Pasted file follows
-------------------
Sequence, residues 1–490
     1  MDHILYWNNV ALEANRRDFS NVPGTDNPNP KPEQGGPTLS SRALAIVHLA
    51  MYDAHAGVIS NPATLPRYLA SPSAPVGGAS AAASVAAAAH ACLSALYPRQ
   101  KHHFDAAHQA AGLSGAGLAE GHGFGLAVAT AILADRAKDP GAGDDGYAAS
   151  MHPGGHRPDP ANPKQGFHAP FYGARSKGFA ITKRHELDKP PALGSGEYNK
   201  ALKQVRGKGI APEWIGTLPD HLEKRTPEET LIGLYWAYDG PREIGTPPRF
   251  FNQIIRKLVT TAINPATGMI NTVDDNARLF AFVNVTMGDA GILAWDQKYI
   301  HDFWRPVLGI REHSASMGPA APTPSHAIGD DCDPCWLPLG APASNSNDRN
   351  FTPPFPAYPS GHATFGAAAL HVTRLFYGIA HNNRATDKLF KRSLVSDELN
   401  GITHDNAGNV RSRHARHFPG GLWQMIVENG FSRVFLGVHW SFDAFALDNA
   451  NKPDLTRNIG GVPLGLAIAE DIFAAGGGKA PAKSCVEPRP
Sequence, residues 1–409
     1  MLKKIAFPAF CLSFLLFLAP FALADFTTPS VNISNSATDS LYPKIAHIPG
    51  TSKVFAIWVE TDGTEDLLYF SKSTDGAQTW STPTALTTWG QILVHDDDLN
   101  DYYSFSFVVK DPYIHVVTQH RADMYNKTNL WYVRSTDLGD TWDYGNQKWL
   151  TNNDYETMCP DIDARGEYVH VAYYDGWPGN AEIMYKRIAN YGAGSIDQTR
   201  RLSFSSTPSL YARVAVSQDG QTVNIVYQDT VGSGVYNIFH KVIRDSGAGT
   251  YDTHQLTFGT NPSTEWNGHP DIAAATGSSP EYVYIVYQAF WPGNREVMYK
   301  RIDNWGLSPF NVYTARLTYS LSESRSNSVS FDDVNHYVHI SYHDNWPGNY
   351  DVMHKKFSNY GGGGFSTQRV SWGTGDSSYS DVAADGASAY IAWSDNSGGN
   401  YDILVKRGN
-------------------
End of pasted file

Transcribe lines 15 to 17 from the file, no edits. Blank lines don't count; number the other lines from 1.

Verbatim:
   101  DYYSFSFVVK DPYIHVVTQH RADMYNKTNL WYVRSTDLGD TWDYGNQKWL
   151  TNNDYETMCP DIDARGEYVH VAYYDGWPGN AEIMYKRIAN YGAGSIDQTR
   201  RLSFSSTPSL YARVAVSQDG QTVNIVYQDT VGSGVYNIFH KVIRDSGAGT